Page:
Samuel William Barker
78th Battery/35th Light Anti-Aircraft Regiment, RA
1941/11/12 - Gourock, Scotland, Convoy WS 12Z, Empress of Japan
1941/11/24 - till 1941/11/26, Freetown, Sierra Leone, no shore leave
1941/12/18 - till 24.12.41 Durban, South Africa. Shore leave. Convoy DM 1 Narkunda
1942/01/09 (approx) - till 1942/10/01 Maldive Islands Addu Atoll. Refuelling. No shore leave
1942/01/13 - till 1942/01/28 Singapore, Kepple Harbour
1942/01/30 - till 1941/01/31 Pladjoe, Sumatra
1942/02/19 - till 1942/02/21 Palembang, Sumatra
1942/02/16 - Ousthaven, Sumatra
1942/02/19 - till 1942/02/21 Batavia, Tandjong Priok, Java. Dutch barracks at Meester Cornelis
1942/02/21 - till 1942/03/02 Tjimahi, Java
1942/03/03 - Tasikmalaja, Java
1942/03/08 - till 1942/03/16 Tea Plantation, Tjisompeot, Java
1942/03/16 - till 1942/03/21, 4 mile march to roadside camp, Java
1942/03/21 - till 1942/03/28, 12 mile march to Tjikadjang, Java
1942/03/28 - till 1942/09/14, Tandjong Priok POW Camp, Batavia, Java
1942/09/17 - till 1942/10/09 Singapore, Changi, Java Party 1, 727 men. Nishi Maru (ex Kaglan)
1942/10/13 - Batu Lintang camp, Sarawak, Java Parties 1&2, 1886 men, Hiteru Maru
1945/09/15 - Labuan Island, Aus. Hospital
1945/11 - arrived back home at 143 Eltham Drive, Cinderhill, Nottingham, England.
Newspaper Article 2009, Aged 99
I wanted to strangle guard who knocked my teeth out
Sam Barker endured three years of pain and torment at the hands of the Japanese in a jungle prisoner-of-war camp - yet he bears no bitterness. “I have nothing against the Japanese people” said Sam, a remarkable 99 years old and still bright as a button.
But those years of starvation and brutality have left their mark in memories he has guarded more than 60 years.
“He has always kept himself to himself” said only son Mick.
“He would never talk about what happened, he kept saying, he wasn’t bothered about the past.”
“But then he read an article by the son of a PoW and he finally agreed to open up to me.”
It is hard to imagine that ex-Royal Artillery soldier Sam, a tall, well built chap with a healthy thatch of pure white hair, was once reduced to an eight stone shell.
But that was the reality of life at the Batu Lintang camp on the steamy Far East Island of Sarawak.
For those three years, the prisoners, soldiers and civilians - including women and children - were forced to exist in appalling conditions, over crowded and filthy, and work all day every day on a ration of just a few ounces of rice.
Beatings were an almost daily occurrence, disease was inevitable - beri-beri, dysentery , malaria, dengue. Sam Barker had ulcers on his legs and feet, some to the bone.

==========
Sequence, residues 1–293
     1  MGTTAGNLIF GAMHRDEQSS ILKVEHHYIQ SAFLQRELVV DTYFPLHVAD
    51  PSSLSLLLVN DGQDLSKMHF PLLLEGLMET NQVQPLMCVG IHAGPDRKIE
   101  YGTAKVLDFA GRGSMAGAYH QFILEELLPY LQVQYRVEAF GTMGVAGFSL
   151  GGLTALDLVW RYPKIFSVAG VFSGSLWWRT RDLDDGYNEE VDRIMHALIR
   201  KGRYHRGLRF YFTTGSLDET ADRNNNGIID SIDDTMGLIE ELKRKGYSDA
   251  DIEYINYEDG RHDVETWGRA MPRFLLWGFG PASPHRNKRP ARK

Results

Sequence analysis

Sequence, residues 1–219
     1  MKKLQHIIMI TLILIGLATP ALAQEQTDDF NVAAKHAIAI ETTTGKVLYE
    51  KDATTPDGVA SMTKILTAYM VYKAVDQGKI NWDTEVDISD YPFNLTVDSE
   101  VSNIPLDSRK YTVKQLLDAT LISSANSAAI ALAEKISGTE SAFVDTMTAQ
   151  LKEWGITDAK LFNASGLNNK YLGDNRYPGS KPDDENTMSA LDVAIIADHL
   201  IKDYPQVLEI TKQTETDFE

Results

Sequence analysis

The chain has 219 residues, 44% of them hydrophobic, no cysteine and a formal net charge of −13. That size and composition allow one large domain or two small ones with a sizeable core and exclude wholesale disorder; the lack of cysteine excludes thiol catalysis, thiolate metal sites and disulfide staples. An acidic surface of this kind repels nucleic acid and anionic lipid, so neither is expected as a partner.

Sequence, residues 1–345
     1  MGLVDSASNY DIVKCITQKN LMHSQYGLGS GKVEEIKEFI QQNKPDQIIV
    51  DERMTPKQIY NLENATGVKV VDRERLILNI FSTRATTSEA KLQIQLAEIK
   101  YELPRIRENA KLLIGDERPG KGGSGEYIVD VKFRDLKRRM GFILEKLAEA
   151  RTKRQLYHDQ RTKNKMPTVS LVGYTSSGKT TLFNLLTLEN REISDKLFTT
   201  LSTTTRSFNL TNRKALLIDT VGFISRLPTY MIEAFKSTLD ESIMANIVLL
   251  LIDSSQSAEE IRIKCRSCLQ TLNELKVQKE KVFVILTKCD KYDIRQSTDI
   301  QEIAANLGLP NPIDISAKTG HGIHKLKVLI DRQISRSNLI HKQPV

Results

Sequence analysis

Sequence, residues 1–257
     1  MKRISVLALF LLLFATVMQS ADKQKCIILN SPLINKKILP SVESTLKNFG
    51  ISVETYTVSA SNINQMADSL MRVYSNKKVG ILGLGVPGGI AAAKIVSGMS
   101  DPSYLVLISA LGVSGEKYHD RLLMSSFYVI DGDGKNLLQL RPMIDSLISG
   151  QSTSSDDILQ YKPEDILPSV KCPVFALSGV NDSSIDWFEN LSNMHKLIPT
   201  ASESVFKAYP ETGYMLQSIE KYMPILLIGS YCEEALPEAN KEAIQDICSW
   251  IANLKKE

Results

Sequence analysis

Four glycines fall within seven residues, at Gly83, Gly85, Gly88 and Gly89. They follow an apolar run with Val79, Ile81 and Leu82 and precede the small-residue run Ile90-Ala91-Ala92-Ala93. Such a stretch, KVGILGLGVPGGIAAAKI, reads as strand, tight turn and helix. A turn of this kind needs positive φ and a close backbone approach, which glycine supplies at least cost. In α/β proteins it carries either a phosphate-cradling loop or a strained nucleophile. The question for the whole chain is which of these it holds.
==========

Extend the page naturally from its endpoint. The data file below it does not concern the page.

At one point in his captivity, he was sent to a ‘stinga mati’ work party, it means half-dead in Japanese.
Sam survived on his wits. He has no doubt that his age saved him.
“I was 30 years old and that made a difference. I had had a hard life, I was mature, I was hardened. I had that much more experience over young men of 20 and 21.
“All they could think about was food and it used to drive them mad. I had a wife and child at home, everything to get back for. I remember one bloke called me a crafty blinder, I thought that was a nice compliment.”
But it didn’t save Sam from the wrath of the Japanese guards who tormented and tortured the prisoners for pleasure and would strike them down for little reason.
“One thing they did was make you stand on a box holding a weight above your head. You had to stand there until you dropped.”
He remembers one guard who knocked his teeth out with a rifle butt. “I wanted to strangle him with my bare hands - not shoot him. But he died before I had the chance.”
As the years passed into 1945, the dwindling number of prisoners knew the end of the war was coming.
“We had a secret radio,” Sam recalled. “I never saw it but I know it was made from scrap someone scavenged.”
The camp was liberated on September 11, 1945, freeing 1,392 PoWs, 395 male civilian internees and 237 women and children.
Among the official Japanese papers discovered soon after was an order for the extermination of every prisoner in the camp.
The executions were scheduled for September 15th. The camp commandant, Colonel Tatsui Suga, handed over his ceremonial sword to the Allies and was then taken away for trial, but he cheated justice by committing har-kari.
His second-in-command Captain Negata, and Dy Yamamoto, who ran the camp hospital - described later as “ a filthy germ-ridden death hole” - were tried for war crimes, convicted and executed.
Sam barker came back home to Bulwell to pick up the threads of his life, and a variety of jobs, finally as a painter at Shipstone’s Brewery.
But as son Mick explained it wasn’t an easy time for Sam, his late wife Nancy, and especially him.
“I was two and a half when he left, seven when he came back. Suddenly this bloke appears, it was hard to get used to him.”
But that was a long time ago and father and son now spend a lot of time together. “Now he has unleashed all the memories, I feel a lot happier,” Mick said.
Despite his terrible ordeal all those years ago, great-grandfather Sam looks younger than 99 and is anticipating his big birthday later this year, hopefully with a card from the Queen.
“I have a scotch every night and I never look back. Good health is a joy.” he tells me. “Treasure it.”
Letter from the Queen on his 100th birthday
Sam Died 8th August 2015, age 105 years
God Bless Him